Interview With The Old Bookshop Of Bordentown

The Old BookShop Of Bordentown is the 8th stop on my Independent Book Store tour. In an effort to bring awareness of how vital these places are, I’m interviewing the great folks who manage them.

Located in historic Bordentown City in central New Jersey, The Old Bookshop of Bordentown are purveyors of out of print and antiquarian books. They have titles that cater to history buffs, sports and erotica fans, aspiring thespians, gardeners and religious folk.

But wait, there’s more!

Their inventory also includes fantasy titles like Eragon, George R. R. Martin’s epic saga Game of Thrones as well as Manga, mysteries, an expanding entertainment section and a children’s room. It’s bookworm heaven!

Don’t worry if your book budget is limited, the Old Bookshop has many discounted titles, some as low as a $1.00. (FYI: if you check out their Facebook page you may find even more savings.)

Their doors are open Wednesday through Saturday from 11:00 am to 5:00 pm and Sunday from  12:00 pm  to 4:00 pm.

Doug, the owner of The Old Bookshop Of Bordentown, was kind enough to answer a few questions about his store and the value it adds to his community of readers. 

Hi, Doug, welcome to Angel Kiss Publications. Thank you for agreeing to do this interview.

Thank you for having me.

What motivated you to open (or work at) an Independent Book Store?

I’ve been a book collector since I was about 14 years old. After spending a career on Wall Street and with a large amount of books, many in storage, I began to consign material to a cooperative shop in the late 1990s.

Once I got fed up with commuting to New York City from the Princeton, NJ area and decided I’d rather watch my two little sons grow up, we opened a shop in Freehold, NJ.

The bookselling trade is rewarding in ways other than financial (it’s not particularly remunerative).

I like to think, however, that we’re providing a valuable service–books give people pleasure, knowledge, sometimes comfort, and help to expand horizons.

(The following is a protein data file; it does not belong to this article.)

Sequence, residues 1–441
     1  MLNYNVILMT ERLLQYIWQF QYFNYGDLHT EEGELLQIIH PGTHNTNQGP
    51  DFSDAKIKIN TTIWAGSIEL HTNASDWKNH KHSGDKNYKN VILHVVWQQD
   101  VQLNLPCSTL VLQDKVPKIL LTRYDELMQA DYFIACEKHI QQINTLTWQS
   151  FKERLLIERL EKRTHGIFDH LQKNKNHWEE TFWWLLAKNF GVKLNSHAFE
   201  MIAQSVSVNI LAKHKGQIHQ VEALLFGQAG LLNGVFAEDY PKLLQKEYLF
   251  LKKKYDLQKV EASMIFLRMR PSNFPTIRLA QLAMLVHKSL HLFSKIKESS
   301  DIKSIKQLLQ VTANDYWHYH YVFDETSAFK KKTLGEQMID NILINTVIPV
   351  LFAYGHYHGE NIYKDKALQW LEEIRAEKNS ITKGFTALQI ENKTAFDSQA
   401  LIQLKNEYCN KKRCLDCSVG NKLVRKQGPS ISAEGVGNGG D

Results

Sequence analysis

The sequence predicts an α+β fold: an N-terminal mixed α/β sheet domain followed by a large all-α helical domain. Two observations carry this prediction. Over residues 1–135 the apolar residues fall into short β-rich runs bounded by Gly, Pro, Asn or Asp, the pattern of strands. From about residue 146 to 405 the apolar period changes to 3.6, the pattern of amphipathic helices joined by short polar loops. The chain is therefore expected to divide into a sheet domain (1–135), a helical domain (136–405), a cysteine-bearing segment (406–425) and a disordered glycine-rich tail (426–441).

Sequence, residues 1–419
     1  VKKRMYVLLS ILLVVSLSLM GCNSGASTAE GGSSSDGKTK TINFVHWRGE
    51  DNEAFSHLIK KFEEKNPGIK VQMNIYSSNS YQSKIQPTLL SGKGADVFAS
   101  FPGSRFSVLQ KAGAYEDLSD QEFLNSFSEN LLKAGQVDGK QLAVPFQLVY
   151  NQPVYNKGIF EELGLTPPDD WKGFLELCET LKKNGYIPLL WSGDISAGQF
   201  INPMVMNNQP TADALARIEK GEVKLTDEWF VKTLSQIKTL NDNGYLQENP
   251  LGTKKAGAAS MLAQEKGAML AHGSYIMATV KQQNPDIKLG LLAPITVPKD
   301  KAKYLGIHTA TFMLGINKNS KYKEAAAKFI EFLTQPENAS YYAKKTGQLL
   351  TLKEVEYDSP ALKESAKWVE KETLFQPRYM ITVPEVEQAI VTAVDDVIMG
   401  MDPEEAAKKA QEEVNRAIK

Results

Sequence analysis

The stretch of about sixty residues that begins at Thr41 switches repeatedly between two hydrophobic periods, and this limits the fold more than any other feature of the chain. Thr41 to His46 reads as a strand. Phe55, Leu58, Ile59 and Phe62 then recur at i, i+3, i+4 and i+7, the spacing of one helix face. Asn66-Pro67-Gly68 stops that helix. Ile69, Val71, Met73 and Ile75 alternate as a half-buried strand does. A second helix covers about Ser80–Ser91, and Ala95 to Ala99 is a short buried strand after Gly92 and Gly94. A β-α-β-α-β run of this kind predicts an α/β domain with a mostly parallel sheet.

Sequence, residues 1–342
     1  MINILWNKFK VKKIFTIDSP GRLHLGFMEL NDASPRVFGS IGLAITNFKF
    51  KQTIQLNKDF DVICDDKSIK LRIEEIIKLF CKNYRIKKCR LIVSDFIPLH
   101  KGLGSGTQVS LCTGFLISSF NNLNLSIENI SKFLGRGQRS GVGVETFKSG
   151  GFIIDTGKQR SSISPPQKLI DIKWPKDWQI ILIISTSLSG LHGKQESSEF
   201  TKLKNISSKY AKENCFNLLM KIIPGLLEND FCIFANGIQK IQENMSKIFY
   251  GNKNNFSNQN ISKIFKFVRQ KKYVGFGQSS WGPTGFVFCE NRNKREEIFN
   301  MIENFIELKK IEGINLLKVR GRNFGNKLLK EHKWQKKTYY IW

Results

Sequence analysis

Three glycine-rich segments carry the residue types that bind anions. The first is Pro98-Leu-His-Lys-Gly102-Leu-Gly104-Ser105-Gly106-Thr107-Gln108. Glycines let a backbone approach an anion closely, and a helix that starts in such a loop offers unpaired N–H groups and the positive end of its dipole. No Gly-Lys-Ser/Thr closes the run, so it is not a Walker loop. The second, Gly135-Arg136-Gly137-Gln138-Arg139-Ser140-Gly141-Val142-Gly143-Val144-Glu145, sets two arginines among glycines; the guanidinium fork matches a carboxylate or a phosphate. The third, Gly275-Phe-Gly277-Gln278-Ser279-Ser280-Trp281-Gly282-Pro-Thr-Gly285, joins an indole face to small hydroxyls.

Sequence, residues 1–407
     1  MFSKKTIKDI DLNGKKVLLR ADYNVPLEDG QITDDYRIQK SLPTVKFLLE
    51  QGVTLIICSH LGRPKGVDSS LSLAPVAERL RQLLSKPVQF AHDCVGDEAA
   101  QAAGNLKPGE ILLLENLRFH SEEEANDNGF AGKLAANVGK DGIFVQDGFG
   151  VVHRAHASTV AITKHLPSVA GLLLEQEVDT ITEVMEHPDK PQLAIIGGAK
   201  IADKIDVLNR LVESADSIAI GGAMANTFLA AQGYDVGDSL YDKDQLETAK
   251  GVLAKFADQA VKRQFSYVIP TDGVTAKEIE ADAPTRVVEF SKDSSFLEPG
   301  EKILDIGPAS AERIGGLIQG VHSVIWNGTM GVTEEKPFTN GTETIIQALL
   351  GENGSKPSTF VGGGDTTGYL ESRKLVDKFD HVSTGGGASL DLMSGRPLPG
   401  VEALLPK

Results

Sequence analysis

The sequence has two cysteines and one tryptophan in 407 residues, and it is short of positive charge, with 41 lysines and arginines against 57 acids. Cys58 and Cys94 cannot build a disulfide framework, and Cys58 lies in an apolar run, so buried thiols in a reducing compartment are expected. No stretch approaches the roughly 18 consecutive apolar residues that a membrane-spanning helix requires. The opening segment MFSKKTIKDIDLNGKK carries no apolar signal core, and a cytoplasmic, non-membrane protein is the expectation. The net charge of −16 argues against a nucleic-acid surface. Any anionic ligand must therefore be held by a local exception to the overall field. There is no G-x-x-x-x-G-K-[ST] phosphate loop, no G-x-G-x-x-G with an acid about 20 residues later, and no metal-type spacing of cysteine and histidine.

Can you tell us a little about Old Bookshop Of Bordentown?

The Old Book Shop of Bordentown is a general used and out-of-print bookstore with vintage and rare editions as well. Most of the stock on our shelves is priced under $10 (though we also carry material that runs into the thousands of dollars).

We sub-specialize in New Jersey books (naturally) and have the largest section of New Jersey titles in the state. We carry general history, American history (American Revolution, Civil War and WWII), fiction and literature (geared more toward the classic authors like Austen, Hemingway, Virgina Woolf, Tolkein, etc).

We also have sections on art, architecture, music, theater, movie and TV, cooking, antiques, etc.

There are some 10,000 books on our open shelves and we also have an online inventory of some 9,000 titles.

What’s involved with running an independent bookstore?

Nowadays a small independent operating in a brick-and mortar open location has to be in a place where the cost of location operation is low enough to stay in business. This is very difficult in New Jersey.

In order to pay the rent, one usually gives up any significant walking traffic. For example, if I were in Princeton where there is a large walking population during the days and evening, my rent would be 5 to 10 times what it is here—and I’d be out of business within 90 days.

Acquisition of inventory is also a critical issue—what do you carry and from where do you get it?

We don’t buy inventory directly from publishers or from overstock houses (except for a few very local history titles). We can’t compete with Barnes and Noble in terms of prices or customer volume on that material.

We buy from individuals (people who are moving, down-sizing), estates, historical societies or libraries who are deaccessioning material, etc. One big advantage to having an open shop is that you get buying opportunities that you would not otherwise.